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Stroke Risk, Prevention, and the Atherosclerosis Connection

Stroke Risk, Prevention, and the Atherosclerosis Connection

Thinking, moving our bodies, speaking, and experiencing emotions are all controlled by our amazing brains. Besides coordinating our actions, the brain also acts as a storage unit for our memories (1). Brains make us who we are, so they are essential to protect.

Our brains require a constant flow of blood-borne oxygen to function properly. Anything that compromises blood flow to the brain is a potentially life-threatening situation. A stroke is a medical condition where parts of the brain are severely deprived of oxygen because of low or no blood flow, resulting in brain cell death. There are many types of stroke, but the most common types are ischemic and hemorrhagic. Ischemic strokes occur when blood flow to some portion of the brain is blocked or even completely halted. Hemorrhagic strokes happen when there is bleeding into parts of the brain where it usually would not be, coupled with oxygen deprivation.

Strokes are one of the leading causes of death for adults in the United States and a major contributor to severe disability (1). You might ask, "If a risk factor is out of my control, such as a family history of stroke, is my fate determined?" Another frequent question is, "How do I avoid having a stroke as my relatives did?" Let's examine what conditions increase the risk for strokes and, better yet, how to reduce your risk.

Stroke Risk Factors

A family history of strokes can increase the risk of experiencing one yourself, especially if an immediate family member had one before age 65. Other factors that increase stroke risks and can not be controlled include (2-4):

  • Age (generally, the risk increases with age)

  • Race (risk is higher in African-American populations)

  • Sex (males have a lower risk than females)

  • Previous event - stroke, heart attack/cardiovascular events, or transient ischemic attack (TIA)

  • Factor V Leiden genetic mutation (or other mutations affecting blood clotting)

  • Structural abnormalities of the heart valves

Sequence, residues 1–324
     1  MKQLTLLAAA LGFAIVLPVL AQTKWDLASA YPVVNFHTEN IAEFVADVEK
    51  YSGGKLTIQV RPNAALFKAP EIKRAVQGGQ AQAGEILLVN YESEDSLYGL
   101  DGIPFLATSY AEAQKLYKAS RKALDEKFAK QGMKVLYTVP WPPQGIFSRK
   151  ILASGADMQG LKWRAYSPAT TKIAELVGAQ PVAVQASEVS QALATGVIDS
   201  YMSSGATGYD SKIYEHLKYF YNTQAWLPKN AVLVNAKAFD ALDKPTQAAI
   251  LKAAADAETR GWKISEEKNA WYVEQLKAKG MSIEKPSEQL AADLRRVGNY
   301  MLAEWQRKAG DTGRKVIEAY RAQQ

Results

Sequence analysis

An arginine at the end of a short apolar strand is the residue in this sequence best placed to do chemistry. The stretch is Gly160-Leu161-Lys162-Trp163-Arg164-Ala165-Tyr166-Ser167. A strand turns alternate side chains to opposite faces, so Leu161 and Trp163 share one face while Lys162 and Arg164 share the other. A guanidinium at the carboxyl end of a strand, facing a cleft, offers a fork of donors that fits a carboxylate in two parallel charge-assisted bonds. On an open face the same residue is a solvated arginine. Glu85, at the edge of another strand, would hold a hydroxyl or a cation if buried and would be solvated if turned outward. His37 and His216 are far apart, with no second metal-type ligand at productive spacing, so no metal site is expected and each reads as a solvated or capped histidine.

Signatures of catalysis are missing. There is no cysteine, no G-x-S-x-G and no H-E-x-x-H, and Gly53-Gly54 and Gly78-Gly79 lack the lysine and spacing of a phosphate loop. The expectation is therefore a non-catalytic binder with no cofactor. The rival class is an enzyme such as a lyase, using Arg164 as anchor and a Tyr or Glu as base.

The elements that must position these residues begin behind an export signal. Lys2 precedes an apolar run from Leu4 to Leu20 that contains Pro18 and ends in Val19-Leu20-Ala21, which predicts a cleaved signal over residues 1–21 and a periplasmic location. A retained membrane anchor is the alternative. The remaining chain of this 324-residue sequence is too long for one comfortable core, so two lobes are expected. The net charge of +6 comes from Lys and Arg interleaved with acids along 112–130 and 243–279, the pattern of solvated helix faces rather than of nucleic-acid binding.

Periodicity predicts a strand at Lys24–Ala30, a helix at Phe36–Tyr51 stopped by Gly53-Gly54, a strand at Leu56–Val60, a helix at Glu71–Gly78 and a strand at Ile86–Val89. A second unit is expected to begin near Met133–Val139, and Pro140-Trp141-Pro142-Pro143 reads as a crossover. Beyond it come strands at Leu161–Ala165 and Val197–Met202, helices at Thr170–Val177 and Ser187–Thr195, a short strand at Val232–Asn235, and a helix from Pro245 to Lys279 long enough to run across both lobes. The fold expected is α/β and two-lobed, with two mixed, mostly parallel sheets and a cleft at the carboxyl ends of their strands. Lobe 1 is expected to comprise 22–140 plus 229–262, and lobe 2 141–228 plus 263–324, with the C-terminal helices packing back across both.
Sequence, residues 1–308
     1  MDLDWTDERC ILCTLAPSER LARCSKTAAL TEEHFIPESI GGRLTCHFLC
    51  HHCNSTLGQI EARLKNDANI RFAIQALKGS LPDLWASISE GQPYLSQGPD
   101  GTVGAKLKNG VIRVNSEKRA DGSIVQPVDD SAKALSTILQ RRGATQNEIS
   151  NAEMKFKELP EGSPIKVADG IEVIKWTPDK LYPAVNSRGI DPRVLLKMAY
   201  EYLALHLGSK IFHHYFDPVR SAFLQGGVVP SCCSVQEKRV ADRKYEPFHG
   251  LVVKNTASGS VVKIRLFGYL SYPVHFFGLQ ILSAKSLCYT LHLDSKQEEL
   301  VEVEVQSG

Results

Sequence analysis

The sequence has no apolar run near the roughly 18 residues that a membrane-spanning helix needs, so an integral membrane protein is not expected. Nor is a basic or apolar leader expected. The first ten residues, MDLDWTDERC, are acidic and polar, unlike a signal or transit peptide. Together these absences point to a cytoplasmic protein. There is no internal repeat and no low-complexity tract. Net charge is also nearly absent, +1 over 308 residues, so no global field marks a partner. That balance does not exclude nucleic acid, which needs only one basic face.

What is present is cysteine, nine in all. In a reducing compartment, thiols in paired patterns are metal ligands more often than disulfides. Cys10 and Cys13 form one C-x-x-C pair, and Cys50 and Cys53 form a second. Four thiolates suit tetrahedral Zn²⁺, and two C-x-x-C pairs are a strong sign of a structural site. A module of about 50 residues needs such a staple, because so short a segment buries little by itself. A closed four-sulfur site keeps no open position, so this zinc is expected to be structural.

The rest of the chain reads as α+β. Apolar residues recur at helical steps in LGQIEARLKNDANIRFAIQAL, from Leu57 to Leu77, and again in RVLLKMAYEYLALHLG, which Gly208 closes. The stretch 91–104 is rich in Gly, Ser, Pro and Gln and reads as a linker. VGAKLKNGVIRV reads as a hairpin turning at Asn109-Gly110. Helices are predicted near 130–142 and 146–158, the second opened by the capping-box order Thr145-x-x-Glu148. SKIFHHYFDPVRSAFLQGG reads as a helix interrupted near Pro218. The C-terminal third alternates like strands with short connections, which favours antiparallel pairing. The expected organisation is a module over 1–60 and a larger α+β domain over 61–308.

The risk factors above may not seem to be within our control. However, plenty of things are within our control - including prevention, treatments, and the risk factors below. Acting on the prevention suggestions below can help reduce the risks associated with genetic factors.

Regarding heart issues that may contribute to stroke risk, the Temecula Center for Integrative Medicine (TCIM) has produced articles about cardiovascular events, coronary artery disease, and regenerative medicine for heart failure. Please explore those articles and the section on arterial disease (below) for additional information if you have been diagnosed with a cardiovascular condition.

Some of the risk factors within our control, things we can change, are (5, 6):

  • Smoking (greatly increases the risk of stroke)

  • Hypertension (high blood pressure is the leading cause of stroke)

  • Diabetes (damages blood vessels and is statistically associated with other conditions that increase the risk of stroke, such as heart disease, high blood pressure, and cholesterol)

  • Diet (can affect the risk of narrowed arteries, blood pressure, and obesity)

  • Lack of exercise

  • Certain medications

Unfortunately, some medications are associated with an increased risk of stroke (7). Note, it's crucial to never withdraw from medicines without consulting the prescribing doctor, as some medications are dangerous if quit suddenly. A dialogue with your doctor discussing a cost-benefit analysis of a risk-enhancing medication (versus life without the prescription) may be worthwhile. Doctors can help factor in family history, personal health history, diet, and lifestyle information into evaluating this medication.

Connection: Arterial Diseases Linked to Stroke Risks

Arterial diseases (or "artery diseases") are a group of health conditions that negatively affect the arteries. These blood vessels carry oxygenated blood away from the heart to the rest of the body. Unfortunately, having an arterial disease can increase the risk of stroke. A few studies show that one-third of stroke patients have some form of heart disease (8). Not only do arterial diseases have an overlap of similar causes, but arterial diseases can directly cause a stroke.

Here are three examples of the link between arterial diseases and stroke risks:

1) Atherosclerosis (also known as "hardening of the arteries)- Characterized by plaque buildup on the arteries' inner linings. Inflamed endothelial linings of arteries become a gathering place for cholesterol, blood cells, and fat, which stick together, forming a "plaque” (9). Plaques can gradually get tougher and stiffen over time, decreasing the flexibility of the blood vessel and "hardening" them. Hardened plaque pieces can break off and get lodged in a vessel leading to the brain, blocking blood flow and increasing the risk of stroke.

2) Carotid artery disease - Characterized by plaques that block blood flow to the head and brain via the carotid arteries, depriving the brain of oxygen (10). As the plaques build in the carotid arteries, the flow of oxygenated blood to the brain is reduced, increasing the risk of stroke. Also, plaques or clots formed here can travel to the brain, increasing the risk of a specific type of severe stroke (8).

3) Coronary artery disease (also known as coronary heart disease)- Typically caused by plaques clogging the arteries that supply the heart with oxygenated blood. The slow buildup of plaques or a sudden blockage by plaque or blood clots can weaken the heart, causing a heart attack (11).